Strangers treated me exactly the same; it turned out that people encounter lots of thin, reasonably muscular guys every day, and I was just another one of them. Crowds didn't gather to gape in astonishment.
"Duh," you say. But if you'll think about it, you'll realize there's something bugging you about yourself that's precisely the same: thinning hair, too short, too old, etc. Whatever your Achilles heel, if you were to rectify it, the world would fail to celebrate. Things would still feel slightly "off". Decks would still seem a bit stacked against you. People wouldn't be quite nice enough, fair enough, caring enough. You might manage to shift yourself to some different category, but the categories are surprisingly non-heirarchical. It doesn't get "better". The same vague undercurrent of malice, which we mistakenly take personally, persists.
I wrote last year here on the Slog that:
If you've got a zit on the tip of your nose, all external injustice appears to stem from that....The world is "off", and it has nothing to do with you. Yet, whoever you are, including billionaires and movie stars, things seem stacked against you...and it feels personal. So we (mostly unconsciously) attribute the brunt of it to whichever personal characteristic we happen to focus on.The ramifications are profound, particularly in how they affect minorities. If you're black or Muslim or old or a woman or short or Jewish or Asian or gay or disabled, you certainly endure some bona fide bigoted headwind. So it's natural that much of the world's non-specific harshness, malice, and injustice would strike you as more of that; as more personally focused than it truly is.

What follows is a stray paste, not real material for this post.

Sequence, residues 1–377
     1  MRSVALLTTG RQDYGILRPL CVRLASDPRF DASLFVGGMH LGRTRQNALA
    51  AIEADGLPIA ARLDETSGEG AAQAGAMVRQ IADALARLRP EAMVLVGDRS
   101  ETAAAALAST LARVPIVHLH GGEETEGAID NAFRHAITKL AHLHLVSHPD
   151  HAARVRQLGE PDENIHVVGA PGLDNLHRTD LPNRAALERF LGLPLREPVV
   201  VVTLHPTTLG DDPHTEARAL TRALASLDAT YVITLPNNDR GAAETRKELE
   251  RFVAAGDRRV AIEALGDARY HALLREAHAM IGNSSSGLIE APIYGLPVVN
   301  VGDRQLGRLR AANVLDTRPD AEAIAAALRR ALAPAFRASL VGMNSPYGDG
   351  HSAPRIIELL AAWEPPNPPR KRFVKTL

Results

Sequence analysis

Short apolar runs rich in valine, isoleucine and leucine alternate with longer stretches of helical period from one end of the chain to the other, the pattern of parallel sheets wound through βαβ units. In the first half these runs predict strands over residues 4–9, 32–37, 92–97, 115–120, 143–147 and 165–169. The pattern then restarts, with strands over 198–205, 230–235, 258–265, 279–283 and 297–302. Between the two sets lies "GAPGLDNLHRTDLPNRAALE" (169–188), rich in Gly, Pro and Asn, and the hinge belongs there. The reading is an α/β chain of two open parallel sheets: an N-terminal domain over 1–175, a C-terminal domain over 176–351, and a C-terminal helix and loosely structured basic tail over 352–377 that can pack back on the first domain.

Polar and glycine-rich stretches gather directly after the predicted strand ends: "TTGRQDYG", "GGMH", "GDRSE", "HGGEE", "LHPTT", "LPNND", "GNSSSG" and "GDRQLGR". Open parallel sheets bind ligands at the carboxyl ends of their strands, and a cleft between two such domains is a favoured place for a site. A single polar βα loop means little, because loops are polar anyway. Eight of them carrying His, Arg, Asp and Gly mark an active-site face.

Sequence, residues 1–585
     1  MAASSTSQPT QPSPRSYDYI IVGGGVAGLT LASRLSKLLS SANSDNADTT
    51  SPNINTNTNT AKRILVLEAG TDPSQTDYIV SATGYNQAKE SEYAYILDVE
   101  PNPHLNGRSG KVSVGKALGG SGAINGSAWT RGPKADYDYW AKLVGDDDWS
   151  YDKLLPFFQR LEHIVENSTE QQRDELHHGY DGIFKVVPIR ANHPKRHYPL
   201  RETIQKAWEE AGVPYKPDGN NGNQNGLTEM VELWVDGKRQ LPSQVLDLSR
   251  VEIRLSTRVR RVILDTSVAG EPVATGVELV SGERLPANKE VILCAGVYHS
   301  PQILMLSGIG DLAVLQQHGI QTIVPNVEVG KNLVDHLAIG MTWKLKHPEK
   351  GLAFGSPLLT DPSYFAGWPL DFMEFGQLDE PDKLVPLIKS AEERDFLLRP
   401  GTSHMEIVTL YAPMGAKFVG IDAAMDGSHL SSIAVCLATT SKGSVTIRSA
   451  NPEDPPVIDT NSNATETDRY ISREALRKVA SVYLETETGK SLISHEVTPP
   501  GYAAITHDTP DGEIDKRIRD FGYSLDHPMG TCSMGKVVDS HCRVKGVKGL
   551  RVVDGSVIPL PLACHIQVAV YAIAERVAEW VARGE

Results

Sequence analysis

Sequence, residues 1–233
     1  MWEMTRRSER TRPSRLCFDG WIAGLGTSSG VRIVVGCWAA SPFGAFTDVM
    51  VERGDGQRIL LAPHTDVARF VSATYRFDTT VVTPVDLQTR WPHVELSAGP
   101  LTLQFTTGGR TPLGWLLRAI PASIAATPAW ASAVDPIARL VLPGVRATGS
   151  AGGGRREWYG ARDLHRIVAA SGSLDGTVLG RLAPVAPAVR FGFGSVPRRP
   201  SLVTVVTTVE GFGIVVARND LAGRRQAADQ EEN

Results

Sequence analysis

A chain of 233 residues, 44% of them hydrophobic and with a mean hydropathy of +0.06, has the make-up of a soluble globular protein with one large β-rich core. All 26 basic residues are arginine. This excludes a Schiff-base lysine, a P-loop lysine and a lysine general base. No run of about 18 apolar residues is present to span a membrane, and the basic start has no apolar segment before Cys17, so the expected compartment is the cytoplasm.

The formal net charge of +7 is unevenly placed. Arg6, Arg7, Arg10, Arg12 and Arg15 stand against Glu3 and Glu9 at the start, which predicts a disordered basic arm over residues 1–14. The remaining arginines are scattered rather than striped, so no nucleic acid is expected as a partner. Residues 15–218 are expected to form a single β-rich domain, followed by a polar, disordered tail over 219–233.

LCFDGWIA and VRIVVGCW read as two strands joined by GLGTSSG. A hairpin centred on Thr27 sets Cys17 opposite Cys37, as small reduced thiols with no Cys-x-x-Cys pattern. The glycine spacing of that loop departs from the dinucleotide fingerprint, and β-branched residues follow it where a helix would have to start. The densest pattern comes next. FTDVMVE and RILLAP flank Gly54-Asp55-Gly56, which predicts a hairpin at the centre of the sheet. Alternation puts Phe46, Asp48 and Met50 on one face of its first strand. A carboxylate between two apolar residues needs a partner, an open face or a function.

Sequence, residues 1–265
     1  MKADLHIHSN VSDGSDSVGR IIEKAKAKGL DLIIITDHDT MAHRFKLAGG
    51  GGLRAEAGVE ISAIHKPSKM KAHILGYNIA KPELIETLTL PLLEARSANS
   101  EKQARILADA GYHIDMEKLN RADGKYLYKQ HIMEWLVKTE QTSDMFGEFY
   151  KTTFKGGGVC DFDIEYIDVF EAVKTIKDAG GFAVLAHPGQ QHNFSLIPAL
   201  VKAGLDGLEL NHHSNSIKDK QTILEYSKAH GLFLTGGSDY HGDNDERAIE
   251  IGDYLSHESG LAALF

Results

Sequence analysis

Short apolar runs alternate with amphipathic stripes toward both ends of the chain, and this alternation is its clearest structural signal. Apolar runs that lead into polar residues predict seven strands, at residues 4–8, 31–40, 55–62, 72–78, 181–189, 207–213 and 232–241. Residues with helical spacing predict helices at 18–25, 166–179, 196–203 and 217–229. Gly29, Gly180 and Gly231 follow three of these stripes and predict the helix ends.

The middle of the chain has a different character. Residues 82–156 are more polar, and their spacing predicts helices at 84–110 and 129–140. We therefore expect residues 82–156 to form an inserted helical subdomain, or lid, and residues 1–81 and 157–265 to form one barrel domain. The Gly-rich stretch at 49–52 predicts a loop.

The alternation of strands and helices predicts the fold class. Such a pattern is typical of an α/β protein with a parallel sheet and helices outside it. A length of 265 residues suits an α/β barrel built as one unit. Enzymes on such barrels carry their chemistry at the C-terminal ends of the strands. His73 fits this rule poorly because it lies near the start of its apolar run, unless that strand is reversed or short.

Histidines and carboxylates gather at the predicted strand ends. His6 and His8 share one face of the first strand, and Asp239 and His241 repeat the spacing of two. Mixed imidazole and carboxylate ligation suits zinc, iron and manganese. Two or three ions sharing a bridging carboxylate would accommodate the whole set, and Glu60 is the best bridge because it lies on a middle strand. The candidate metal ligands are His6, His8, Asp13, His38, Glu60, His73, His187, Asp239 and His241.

This explains obsessive feminists who over-frame everything as gender issues, Jews who use the term "anti-semitic" several times per day, etc etc. In each case, there are legitimate fights to be fought, but there is an unrealistic notion of how the other side of the coin experiences the world - how good, exactly, it can get even when one's perceived shackles are removed (or are reclassified as something other than shackles). Watch crowds walk by (in a city, where people are less diligent about composing their public expression), and you'll see almost entirely grim, anxious, stressed, put-upon faces. Including people with plenty of whatever you feel you lack - or feel persecuted for lacking.
Money is a great example. When people who've spent their lives fantasizing about riches and resenting the advantages of wealthy people get a windfall of cash, they soon discover an uneasy truth: they shift to become a different "one of them", that's all. Nothing essential changes. We've heard enough tales of lottery winners and child stars to know they don't often live happily ever after, and we falsely assume it's because they've been foolish enough to screw up a good thing. But that's not the problem. It's that the visceral sense of grievance remained; money didn't make everything better as they'd imagined it would*.
Whatever cards you've been dealt, you're playing a role, with upsides and downsides. It's sometimes possible to flip to a different role. But even apparent elevation turns out to be no such thing, because no particular role is inherently better; they're all mixed bags; all of them! Any illusions to the contrary stem from the neurotic human tendency to obsess over what's missing.
* - Facing this reality, people tend to do two stupid things: 1. they overspend in an anxious effort to more tangibly experience their wealth (wealth can be actively experienced only via relentless spending; one quickly inures to baubles previously hoarded), and/or 2. they take silly, desperate risks to get still more money, figuring their continued dissatisfaction stems from being merely rich, rather than super-rich. If you suppose you'd handle that situation more wisely, consider: you yourself are a rich person with desperate dreams of super-riches.
PS - this is an abstruse point I've been straining to make in a few previous postings, including this one. Hopefully I'm getting a little closer...